Fibrates are fibric acid derivative agents and are used to lower plasma lipids and particularly triglyceride levels. Chronic therapy with fibrates has been associated with transient mild elevations in serum aminotransferase levels and with rare instances of acute liver injury, which can be severe and evolve into chronic hepatitis, with progressive fibrosis and cirrhosis.
Fibrates are derivatives of fibric acid. Therapy with fibrates in humans leads to a lowering of serum very low density lipoprotein (VLDL) levels leading to decreases in triglyceride and cholesterol levels. Several fibrates have also been found to decrease low density lipoprotein (LDL) and increase high density lipoprotein (HDL) levels, but their effects are, in general, less than what can be achieved with the statins. The fibrates are currently used largely in patients with hypertriglyceridemia and are used in combination with statins to treat hypercholesterolemia.
The mechanism by which the fibrates lower lipid levels is unknown, but they may act through interactions with the hepatic peroxisome proliferator activated receptors (PPARs) which regulate gene transcription of enzymes involved in lipid synthesis and secretion. The fibrates bind specifically to a PPAR alpha isozyme, which is found largely in the liver and which regulates fatty acid oxidation, increasing lipoprotein lipase levels which, in turn, enhances clearance of triglyceride rich lipoproteins.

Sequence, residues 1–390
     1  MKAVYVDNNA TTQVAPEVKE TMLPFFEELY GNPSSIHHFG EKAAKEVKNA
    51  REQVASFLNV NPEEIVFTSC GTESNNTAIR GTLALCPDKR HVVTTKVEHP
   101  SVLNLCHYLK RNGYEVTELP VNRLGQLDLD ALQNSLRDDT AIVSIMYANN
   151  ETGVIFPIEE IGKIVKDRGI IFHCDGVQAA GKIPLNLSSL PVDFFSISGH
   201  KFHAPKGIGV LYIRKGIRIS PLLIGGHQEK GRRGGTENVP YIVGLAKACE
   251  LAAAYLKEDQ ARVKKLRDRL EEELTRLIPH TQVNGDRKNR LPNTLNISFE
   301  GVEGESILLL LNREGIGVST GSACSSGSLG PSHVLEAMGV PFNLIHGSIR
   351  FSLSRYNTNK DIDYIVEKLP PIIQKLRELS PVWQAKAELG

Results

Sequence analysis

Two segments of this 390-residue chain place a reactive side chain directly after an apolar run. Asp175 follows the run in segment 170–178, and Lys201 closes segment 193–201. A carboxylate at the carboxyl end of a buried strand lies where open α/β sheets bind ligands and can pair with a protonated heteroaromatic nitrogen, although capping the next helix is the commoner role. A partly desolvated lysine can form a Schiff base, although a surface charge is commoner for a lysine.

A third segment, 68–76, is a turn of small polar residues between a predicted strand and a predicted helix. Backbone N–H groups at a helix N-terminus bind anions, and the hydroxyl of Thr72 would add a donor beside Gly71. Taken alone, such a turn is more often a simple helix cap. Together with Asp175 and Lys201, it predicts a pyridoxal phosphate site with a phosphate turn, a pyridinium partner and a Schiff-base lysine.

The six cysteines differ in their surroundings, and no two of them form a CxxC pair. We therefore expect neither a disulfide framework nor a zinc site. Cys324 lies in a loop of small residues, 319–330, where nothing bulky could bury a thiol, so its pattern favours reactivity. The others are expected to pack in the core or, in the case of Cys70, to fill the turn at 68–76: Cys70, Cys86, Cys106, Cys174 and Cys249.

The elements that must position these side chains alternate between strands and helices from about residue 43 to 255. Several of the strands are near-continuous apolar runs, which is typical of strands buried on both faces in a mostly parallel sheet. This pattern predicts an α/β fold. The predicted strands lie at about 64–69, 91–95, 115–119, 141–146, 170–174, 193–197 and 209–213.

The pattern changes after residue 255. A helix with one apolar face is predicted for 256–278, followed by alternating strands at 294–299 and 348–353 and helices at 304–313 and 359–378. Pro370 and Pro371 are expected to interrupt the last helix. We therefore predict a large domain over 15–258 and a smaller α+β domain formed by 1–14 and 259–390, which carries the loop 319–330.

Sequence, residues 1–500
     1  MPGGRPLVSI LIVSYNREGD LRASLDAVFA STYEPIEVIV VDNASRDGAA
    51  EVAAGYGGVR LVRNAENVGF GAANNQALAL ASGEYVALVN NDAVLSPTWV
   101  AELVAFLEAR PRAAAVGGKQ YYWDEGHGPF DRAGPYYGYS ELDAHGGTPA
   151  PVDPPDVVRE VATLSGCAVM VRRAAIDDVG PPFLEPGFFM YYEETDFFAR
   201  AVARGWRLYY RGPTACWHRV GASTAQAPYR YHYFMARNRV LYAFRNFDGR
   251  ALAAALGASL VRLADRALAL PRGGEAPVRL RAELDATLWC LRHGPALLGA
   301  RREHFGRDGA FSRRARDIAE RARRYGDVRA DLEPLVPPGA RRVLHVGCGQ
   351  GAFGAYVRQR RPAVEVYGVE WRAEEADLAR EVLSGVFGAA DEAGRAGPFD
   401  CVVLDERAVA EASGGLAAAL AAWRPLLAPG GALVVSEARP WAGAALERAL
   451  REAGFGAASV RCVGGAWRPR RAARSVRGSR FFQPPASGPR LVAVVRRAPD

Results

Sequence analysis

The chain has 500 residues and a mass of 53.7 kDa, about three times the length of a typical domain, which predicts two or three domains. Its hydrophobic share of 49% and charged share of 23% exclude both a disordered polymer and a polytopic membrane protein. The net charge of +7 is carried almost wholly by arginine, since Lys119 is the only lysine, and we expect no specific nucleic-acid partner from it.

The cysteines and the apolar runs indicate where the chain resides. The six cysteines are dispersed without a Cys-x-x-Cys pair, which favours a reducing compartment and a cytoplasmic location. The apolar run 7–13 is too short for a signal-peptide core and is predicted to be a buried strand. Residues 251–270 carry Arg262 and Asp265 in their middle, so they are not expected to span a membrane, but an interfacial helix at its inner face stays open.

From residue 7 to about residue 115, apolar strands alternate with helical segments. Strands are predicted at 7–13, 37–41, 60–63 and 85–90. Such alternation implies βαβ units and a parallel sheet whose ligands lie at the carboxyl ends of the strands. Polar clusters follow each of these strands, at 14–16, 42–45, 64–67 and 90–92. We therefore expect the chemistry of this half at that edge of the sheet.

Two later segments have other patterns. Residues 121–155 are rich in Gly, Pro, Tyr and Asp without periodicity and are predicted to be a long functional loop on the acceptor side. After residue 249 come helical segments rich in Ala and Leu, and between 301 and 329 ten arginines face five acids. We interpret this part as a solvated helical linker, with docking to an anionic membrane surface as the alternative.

Three fibrates have been used in the United States: Gemfibrozil (Lopid: 1981), Fenofibrate (Lofibra, Tricor, Antara, Lipofen, Triglide: 1993), and Clofibrate (Abitrate, Atromid-S). Clofibrate has been withdrawn from use, largely because of concerns regarding increased risk of cancer and studies showing that, despite its cholesterol lowering activity, clofibrate therapy is not associated with a decrease in cardiovascular mortality. All three of the fibrates are associated with mild-to-moderate serum aminotransferase elevations during therapy that are typically transient, asymptomatic and may resolve even without discontinuation. All three agents have also been linked to cases of clinically apparent acute liver injury, fenofibrate most frequently and convincingly. The frequency and pattern of hepatic injury varies with the different fibrates and they do not appear to share a common pathway or class effect in causing liver injury. For these reasons each fibrate is discussed separately. The acute liver injury from the fibrates can be severe and prolonged and, unlike most forms of drug induced liver injury, can lead to chronic liver disease and cirrhosis.
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